* * * *

Curtain mice

Years ago, I lived alone in a two-story rental closer to downtown. The summer rains would drive mice inside. I set out sticky paper nights, and mornings I would fling the little thrashing buggers over the property wall into a sewage creek.

I was an unkind man.

One night, lying in my bed reading a book, the drapes pulled shut nearby, I heard a scurrying sound as the curtain jiggled from bottom to top, as if something were climbing up from the floor on the far side.

He reached the curtain top, and peered over, and our eyes locked, yes, another dratted mouse! I shut my book, closed the door and slept that night in the upstairs bedroom. He was gone by morning. I think.

In that rental, on three occasions, I found rats in the toilet bowl. I just flushed them back where they came from. Don’t live next to a sewage creek.

A rat flushes easily, if you didn’t know.

* * * *

Poison and peaches

But that was then, and this is now.

Outside, the yard is going wild. Abel, the deadpan neighbor and lawnmower man, cuts the grass on Saturdays, and by Monday it needs it again. That’s just not right. We await the following Saturday anyway.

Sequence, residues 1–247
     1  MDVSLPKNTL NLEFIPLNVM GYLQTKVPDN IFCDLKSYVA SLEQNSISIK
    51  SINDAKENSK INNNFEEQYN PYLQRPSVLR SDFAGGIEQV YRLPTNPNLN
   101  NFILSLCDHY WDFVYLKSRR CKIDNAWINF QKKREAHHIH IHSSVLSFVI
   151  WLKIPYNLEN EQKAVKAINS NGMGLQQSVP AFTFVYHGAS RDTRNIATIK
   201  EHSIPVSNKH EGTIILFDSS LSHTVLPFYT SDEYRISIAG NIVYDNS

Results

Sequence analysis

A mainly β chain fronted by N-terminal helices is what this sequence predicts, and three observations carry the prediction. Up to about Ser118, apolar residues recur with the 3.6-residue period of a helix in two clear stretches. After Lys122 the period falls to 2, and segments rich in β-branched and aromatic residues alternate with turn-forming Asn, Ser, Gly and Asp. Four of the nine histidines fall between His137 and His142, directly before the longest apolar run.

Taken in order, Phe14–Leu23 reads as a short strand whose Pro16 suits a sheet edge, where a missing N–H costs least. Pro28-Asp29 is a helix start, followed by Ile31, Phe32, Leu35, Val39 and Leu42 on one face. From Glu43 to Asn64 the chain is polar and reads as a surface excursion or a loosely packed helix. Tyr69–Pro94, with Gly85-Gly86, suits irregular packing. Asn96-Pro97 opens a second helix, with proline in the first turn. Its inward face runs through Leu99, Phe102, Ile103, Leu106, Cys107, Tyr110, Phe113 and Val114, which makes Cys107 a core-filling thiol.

Snails come out and eat my poison. Flowers burst forth. The fruit trees muscle up. Soon, peaches will litter the grass, to rot and annoy me. I must wipe the glass-top table and web chairs every morning if I intend to sit out there.

* * * *

The good finale

It’s a superlative spot to sit, that stone patio, when the sky is partly blue, the temperature is 75 at noon with a gentle June breeze, and the hummingbirds and butterflies are making rounds to the riot of bougainvillea, banana tree blooms, nopal flowers and anything else with a hint of tasty color.

I sit there amid the grass under the big brown umbrella with a book which usually gets closed swiftly because one cannot read and sufficiently appreciate the cool, clear air one inhales in this damp summertime world . . .

. . . making me sleepy.

So much better than the dust of spring, no matter the leaks.

And there are no mice. It is a joy.

14 thoughts on “The water jungle”

    1. Carole: You had me scratching my snowy noodle for a few seconds over GOM. I finally decided that means Gulf of Mexico.